Paddletail Shapes: How To Choose The Right Lure For Every Situation

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Not all paddletails are created equally.

Some have big, thumping tails, while others have thinner, quieter tails.

And today, we’re doing a deep dive into the specifics of tail shapes and why this matters if you want to catch more fish.

You’ll learn how paddletail shapes vary, which shape to use based on the conditions, and much more.

Let’s dive in!

Choosing Paddletail Shapes [VIDEO]

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Here’s a general rule of thumb:

If you’re fishing in calm, clear water, use a stealthy lure.

If you’re fishing in dark or choppy water, use a lure that gets a little more attention.

So going off of this rule, if you’re fishing in water that’s on the calmer and clearer side, go with a paddletail with a smaller tail.

Examples of this include:

If the water is choppy or murky, go with a paddletail that has a larger tail.

Examples of this include:

Another thing to consider when using paddletails is how thick the base of the tail is, and how fast you want to retrieve your lure.

Lures with a thin base will have more action when you retrieve them slowly.

If you’re retrieving your lure quickly, or in deeper water, the thickness of the tail doesn’t really matter, since there will be plenty of water resistance to get it wobbling.

Conclusion

artificial lure mistake

When the water is dark or choppy, fish rely more on feeling vibrations in the water to find food.

In this case, use a paddletail that has a big tail that makes a lot of vibration.

When the water is clear and calm, fish are more easily spooked.

In this case, use a paddletail with a smaller tail that makes less vibration.

You can get these lures from our shop here:

Smaller tails:

Larger tails:

Have any questions about which paddletail to use and when?

Let me know down in the comments!

And if you know someone who loves to get nerdy about paddletails, please TAG or SHARE this with them!

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Dan
7 months ago

One of the most interesting things is that Tony is dyeing his slam shady tails chartreuse! Maybe they should make an Acevedo model with the signature tail color!

Phillip Hilgert
7 months ago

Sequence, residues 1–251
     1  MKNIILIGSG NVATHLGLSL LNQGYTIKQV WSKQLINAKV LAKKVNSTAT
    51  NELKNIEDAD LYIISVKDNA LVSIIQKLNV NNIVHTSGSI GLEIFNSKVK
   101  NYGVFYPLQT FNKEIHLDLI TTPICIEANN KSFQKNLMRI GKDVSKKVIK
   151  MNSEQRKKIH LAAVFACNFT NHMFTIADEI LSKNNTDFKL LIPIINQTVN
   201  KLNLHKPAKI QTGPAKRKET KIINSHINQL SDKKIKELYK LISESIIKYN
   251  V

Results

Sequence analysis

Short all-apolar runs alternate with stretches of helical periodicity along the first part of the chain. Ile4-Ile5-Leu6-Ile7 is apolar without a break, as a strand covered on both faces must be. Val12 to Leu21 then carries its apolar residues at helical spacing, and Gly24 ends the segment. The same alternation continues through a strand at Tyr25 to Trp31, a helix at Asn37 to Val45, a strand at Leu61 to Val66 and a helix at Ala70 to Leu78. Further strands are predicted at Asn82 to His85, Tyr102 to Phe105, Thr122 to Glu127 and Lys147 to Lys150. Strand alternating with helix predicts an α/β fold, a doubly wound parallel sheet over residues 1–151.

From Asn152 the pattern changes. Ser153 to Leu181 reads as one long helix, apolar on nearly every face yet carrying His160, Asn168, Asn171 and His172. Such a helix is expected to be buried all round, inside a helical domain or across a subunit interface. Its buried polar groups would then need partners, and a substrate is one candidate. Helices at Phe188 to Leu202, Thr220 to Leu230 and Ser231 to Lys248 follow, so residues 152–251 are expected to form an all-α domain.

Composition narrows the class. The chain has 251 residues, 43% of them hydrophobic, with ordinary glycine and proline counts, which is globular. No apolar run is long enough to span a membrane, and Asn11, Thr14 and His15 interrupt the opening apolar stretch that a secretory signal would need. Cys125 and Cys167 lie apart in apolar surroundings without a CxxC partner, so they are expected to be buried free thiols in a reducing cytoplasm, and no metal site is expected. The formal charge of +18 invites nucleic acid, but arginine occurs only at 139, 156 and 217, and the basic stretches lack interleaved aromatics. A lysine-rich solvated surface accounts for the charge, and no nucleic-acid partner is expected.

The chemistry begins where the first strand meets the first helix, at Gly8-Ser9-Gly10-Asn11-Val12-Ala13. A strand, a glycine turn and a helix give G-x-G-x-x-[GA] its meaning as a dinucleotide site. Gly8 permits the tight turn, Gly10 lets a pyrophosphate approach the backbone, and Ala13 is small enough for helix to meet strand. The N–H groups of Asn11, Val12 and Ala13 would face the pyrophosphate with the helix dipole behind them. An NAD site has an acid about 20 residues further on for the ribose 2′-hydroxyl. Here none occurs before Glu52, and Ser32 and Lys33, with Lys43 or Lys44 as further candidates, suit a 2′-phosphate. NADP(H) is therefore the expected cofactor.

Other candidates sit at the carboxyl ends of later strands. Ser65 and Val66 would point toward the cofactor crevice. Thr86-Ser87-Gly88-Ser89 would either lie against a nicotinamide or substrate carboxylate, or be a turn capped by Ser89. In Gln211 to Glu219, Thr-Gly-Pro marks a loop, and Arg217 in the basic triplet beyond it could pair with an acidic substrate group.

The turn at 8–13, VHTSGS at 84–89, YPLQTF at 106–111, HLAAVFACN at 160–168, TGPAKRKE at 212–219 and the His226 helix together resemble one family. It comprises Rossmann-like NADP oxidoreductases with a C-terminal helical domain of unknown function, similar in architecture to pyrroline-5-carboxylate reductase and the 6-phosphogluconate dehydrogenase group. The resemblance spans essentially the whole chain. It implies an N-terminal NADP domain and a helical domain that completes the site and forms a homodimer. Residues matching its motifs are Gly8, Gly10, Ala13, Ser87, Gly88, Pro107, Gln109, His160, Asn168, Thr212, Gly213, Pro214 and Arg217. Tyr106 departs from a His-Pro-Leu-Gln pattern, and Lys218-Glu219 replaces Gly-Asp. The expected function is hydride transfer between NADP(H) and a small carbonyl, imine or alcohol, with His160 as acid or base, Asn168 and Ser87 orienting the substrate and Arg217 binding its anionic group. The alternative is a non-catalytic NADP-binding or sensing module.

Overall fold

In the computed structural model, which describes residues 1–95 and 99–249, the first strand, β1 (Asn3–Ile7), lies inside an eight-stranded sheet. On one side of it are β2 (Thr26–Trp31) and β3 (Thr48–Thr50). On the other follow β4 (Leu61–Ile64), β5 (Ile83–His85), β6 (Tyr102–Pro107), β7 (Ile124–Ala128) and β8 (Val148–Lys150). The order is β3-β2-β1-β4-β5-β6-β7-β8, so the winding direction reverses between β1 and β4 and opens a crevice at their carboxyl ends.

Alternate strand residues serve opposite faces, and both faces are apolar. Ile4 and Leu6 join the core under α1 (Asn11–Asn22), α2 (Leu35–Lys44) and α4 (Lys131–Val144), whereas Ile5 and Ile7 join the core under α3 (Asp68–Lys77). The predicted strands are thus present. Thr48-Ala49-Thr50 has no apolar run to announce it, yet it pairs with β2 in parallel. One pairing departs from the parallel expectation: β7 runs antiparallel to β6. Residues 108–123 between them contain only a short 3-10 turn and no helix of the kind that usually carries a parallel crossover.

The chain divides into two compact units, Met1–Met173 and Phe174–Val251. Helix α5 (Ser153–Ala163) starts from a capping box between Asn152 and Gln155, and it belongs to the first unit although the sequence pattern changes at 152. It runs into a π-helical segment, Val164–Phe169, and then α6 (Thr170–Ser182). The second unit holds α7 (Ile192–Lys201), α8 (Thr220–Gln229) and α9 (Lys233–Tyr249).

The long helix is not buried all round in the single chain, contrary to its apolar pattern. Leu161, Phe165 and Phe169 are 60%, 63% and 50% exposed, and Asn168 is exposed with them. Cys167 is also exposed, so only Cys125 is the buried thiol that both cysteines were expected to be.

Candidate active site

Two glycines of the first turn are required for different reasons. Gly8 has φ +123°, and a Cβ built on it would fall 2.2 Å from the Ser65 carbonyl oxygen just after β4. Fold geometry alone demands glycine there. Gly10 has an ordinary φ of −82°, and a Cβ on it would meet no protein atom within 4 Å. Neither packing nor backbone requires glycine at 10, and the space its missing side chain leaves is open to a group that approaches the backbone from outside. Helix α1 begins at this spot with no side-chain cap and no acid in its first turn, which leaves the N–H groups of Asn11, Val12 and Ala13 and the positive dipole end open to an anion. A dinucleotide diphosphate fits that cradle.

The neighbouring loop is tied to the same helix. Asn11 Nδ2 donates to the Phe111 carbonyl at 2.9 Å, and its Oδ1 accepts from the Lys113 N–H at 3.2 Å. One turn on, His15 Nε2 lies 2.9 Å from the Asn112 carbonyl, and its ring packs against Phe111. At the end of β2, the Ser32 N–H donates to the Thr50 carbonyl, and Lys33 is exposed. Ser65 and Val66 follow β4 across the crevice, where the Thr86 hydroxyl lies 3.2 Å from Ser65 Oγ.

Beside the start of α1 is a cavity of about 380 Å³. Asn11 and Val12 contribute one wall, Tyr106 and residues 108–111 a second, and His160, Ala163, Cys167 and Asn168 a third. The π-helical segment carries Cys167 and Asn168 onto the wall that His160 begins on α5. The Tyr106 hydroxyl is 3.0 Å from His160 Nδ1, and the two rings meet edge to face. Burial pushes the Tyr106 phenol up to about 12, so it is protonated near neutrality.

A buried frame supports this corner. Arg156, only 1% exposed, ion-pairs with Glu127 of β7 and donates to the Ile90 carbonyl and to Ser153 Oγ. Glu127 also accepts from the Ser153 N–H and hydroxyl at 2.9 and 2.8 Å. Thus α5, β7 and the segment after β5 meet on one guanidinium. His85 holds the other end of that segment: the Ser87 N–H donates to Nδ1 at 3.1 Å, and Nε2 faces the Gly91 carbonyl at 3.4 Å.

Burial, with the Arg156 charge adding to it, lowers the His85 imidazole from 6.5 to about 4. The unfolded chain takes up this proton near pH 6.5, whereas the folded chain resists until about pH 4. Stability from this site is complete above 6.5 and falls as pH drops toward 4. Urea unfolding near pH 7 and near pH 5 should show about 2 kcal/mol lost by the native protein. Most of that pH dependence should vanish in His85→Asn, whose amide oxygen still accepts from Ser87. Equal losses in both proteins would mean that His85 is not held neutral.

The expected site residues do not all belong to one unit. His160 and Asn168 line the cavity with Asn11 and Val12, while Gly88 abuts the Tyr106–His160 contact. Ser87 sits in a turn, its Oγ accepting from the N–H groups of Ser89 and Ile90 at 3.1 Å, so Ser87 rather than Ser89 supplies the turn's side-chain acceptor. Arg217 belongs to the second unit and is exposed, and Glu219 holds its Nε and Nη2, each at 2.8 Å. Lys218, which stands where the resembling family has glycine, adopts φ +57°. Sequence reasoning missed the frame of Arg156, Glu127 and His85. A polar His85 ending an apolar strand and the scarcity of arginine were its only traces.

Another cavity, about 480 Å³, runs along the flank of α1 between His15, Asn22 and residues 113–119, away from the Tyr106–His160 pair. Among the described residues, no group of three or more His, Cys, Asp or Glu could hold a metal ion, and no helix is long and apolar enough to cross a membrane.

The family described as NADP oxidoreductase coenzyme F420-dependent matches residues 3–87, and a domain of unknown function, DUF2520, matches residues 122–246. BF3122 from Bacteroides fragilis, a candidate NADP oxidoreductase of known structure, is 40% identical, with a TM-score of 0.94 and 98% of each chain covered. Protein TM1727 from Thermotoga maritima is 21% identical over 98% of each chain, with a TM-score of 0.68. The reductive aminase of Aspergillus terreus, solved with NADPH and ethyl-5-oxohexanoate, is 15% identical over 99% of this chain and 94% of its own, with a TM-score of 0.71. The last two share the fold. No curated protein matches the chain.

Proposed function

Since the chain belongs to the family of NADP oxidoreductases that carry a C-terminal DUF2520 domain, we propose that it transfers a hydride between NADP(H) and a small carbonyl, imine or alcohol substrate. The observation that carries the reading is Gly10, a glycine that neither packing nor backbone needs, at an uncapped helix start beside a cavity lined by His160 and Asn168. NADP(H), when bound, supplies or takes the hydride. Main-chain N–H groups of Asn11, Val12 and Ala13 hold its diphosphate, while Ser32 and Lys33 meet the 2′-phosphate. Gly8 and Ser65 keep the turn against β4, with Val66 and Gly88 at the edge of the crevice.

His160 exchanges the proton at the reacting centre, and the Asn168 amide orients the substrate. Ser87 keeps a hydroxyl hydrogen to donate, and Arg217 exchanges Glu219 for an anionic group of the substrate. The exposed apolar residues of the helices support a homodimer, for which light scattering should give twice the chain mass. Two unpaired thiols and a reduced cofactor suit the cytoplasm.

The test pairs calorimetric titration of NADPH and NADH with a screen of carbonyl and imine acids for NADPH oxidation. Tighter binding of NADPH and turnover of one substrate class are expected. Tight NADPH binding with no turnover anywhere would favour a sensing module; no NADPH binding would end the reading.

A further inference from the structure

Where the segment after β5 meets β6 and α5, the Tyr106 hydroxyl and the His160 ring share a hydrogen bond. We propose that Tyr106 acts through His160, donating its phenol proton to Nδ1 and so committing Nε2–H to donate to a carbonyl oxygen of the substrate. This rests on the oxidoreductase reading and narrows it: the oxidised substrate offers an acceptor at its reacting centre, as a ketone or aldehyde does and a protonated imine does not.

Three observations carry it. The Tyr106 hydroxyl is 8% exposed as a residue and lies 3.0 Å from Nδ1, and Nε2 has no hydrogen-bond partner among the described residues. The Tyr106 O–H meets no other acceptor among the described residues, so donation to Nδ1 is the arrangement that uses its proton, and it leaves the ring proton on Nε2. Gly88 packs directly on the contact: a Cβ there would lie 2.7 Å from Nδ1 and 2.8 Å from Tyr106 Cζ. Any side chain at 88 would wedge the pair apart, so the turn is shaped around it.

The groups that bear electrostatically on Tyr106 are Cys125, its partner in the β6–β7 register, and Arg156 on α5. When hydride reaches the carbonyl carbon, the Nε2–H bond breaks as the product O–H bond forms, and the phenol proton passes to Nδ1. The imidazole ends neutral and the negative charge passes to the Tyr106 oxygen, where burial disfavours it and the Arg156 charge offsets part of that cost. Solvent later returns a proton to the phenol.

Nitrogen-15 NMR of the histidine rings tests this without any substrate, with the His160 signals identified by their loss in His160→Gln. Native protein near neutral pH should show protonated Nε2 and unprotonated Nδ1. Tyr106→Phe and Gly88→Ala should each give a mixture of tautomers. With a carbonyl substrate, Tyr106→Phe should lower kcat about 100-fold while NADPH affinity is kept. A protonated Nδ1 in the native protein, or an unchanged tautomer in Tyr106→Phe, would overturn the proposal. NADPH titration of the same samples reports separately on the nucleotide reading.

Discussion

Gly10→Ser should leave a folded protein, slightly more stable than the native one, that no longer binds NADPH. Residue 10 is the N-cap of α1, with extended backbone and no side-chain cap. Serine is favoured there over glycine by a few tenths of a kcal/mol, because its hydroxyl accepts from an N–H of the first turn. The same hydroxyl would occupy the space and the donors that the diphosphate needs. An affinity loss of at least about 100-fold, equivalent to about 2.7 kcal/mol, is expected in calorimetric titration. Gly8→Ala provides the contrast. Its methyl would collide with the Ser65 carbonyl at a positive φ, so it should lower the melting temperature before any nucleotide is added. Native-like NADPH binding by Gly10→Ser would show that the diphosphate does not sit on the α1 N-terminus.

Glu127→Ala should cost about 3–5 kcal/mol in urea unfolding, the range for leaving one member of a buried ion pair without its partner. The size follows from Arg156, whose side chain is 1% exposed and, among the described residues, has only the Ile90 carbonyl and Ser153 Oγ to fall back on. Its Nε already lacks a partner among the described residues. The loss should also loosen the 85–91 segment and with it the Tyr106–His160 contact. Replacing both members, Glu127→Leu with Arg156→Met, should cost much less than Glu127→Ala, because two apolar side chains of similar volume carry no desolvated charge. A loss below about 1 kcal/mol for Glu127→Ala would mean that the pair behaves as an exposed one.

So what’s the difference between vibration and thump? or are they the same. Great video and great summary on when and where to use!

Phillip Hilgert
7 months ago
Reply to  Tony Acevedo

thx so much for clarifying.

Jerry Dexter
7 months ago

Thanks Tony

Pat Ogletree
7 months ago

Spot on as usual Tony! What’s your thoughts on the Spike it dip. I’ve used it before and just in my experience it seems to attract more fish like pins and puffers. On the flip side of that, if it attracts more trash fish then it must be more visible and therefore attract predators, maybe? What’s been your experience?

Glenn Acomb
7 months ago

Thanks Tony. This was a good and informative video.

A Rollins
7 months ago

How about times of year to throw smaller or larger paddle tails? I’ve found winter is the best time to use smaller baits, due to a fish’s metabolism. Late spring through early fall I’ll use large baits to weed out smaller fish to target the larger fish.

William Holden III
7 months ago

Absolutely! Bite the head off if you’re in a hurry! 😀

Steve Miller
7 months ago

The conclusion wraps it all up nicely and makes perfect sense. Thanks!!

David
7 months ago

Angle of the tail is also important. The closer the angle is to perpendicular relative to the direction of retrieve, the more resistance there is and the greater the vibration, especially at slower rates of retrieve.

Randall Phelps
7 months ago

What about notching the tail on the bomber for less heavy vibration and a higher frequency of vibration? Maybe a 1/8″ notch on each side about a third of the way down the tail will definitely change the characteristic of the vibration to be less “thumpy” and more “fluttery”.

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